Autism is still yet poorly understood, and researchers are just starting to figure out the mechanisms behind this strange condition which seems to affect more and more children (and not only) with each passing year.

A 6 year autism study

The ambitious six year effort attempted to gauge the rate of autism in a South Korean city, and the results absolutely shocked researchers, and the results will probably change the way autism numbers are estimated throughout the world.

They reported a figure of 2.6 percent of all children aged 7 to 12 in the Ilsan district of the city of Goyang, which is more than double the estimated number throughout the world – and even that estimated number has grown significantly, from 0.6 to 1 in just 4 years in the United States.

However, study authors claim that it doesn’t in fact reflect a growth in the autism children, but just that the study was done more thoroughly than before.

“This is a very impressive study,” said Lisa Croen, director of the autism research program at Kaiser-Permanente Northern California, who was not connected with the new report. “They did a careful job and in a part of the world where autism has not been well documented in the past.”

Ilsan has a community of 488,590 people, so there is little doubt about the number of children analyzed. In contrast to this study, the United States estimates are done in a different fashion: they examine and verify records of reported cases and cases where parents have seeked out special schools, which almost certainly leaves out a significant number of children who never sought special education.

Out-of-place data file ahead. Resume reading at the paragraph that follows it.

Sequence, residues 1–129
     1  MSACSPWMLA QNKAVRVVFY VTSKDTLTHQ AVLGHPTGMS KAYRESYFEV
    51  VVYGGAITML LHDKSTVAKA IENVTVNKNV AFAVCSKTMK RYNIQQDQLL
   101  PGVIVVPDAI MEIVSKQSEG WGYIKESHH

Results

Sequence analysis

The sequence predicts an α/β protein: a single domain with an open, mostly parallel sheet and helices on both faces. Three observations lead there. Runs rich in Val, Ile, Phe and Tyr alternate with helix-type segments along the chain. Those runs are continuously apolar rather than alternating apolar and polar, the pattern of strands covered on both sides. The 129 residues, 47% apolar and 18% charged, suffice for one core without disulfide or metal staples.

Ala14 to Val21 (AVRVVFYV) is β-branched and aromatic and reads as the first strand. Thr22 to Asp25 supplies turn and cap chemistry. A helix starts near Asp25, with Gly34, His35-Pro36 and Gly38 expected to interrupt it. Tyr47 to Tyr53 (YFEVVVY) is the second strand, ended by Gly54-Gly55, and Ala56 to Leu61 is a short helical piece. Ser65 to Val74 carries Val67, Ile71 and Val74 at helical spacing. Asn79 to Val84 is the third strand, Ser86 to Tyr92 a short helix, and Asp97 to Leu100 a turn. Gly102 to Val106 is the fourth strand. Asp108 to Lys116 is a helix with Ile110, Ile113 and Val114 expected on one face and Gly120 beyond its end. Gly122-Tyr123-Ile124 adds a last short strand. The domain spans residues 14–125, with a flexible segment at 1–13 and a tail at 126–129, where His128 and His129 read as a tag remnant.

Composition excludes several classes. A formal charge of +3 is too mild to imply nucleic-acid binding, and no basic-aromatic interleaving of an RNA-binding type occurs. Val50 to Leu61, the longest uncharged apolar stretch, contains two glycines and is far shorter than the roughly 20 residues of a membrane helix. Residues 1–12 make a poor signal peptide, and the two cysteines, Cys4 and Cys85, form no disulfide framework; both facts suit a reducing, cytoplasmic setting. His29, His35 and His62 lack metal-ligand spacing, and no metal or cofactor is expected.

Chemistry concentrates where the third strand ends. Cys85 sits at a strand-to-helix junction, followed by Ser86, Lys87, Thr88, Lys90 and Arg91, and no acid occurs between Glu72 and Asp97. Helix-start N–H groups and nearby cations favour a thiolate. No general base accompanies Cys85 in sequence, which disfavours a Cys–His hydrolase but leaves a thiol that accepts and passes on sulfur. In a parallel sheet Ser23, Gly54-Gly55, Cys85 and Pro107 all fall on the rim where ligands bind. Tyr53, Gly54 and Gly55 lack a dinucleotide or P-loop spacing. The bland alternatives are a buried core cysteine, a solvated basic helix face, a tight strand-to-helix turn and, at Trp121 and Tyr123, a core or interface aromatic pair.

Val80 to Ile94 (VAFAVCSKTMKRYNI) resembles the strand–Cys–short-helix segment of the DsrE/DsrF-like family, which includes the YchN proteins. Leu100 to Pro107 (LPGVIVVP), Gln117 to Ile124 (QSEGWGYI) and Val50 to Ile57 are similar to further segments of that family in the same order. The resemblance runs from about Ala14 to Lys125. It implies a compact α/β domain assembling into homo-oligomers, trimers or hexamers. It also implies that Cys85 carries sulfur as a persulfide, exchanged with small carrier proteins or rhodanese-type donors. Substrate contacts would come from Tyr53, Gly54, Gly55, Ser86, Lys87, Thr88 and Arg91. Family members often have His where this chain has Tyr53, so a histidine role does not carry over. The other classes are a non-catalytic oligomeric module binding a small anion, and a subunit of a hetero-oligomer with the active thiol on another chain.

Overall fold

“From the get-go we had the feeling that we would find a higher prevalence than other studies because we were looking at an understudied population: children in regular schools,” said the lead researcher, Dr. Young-Shin Kim, a child psychiatrist and epidemiologist at the Yale Child Study Center.

A thorough effort

Due to the underestimation of the children suffering from the autism condition, their situation is not taken as seriously as it should be, especially as the Korean study reported that most of the autism disorder cases were reported in regular schools, for children who had never received special education or other mental health special treatment. The children were pretty similar to those in the United States, and everywhere in the world.

Fifty-nine percent were intellectually disabled, or mentally retarded; more than two-thirds had full-blown autism, as opposed to milder forms like Asperger’s; and boys outnumbered girls five to one. However, when analyzing only children from regular schools, the numers aren’t so heavy: only 16 percent were intellectually disabled, more than two-thirds had a milder form of autism, and the ratio of boys to girls was unusually low: 2.5 to 1. Furthermore, 16 percent of them had actually higher IQ’s than average, which is extremely interesting.

What can cause autistic children in regular schools to fare so much better than those who receive special treatment ? Is it the (forced) adaptation to unwanted conditions that forces children to understanding things better and faster ? Or is it the competition that always appears at elementary schools ? It’s extremely hard to say at this point, but hopefully this is just the beginning in a long series of studies which will shed some light on autism, especially as it seems we have underestimated it so far. Also, the high number of autistic children in regular schools shows the low level of awareness, which absolutely has to be changed.

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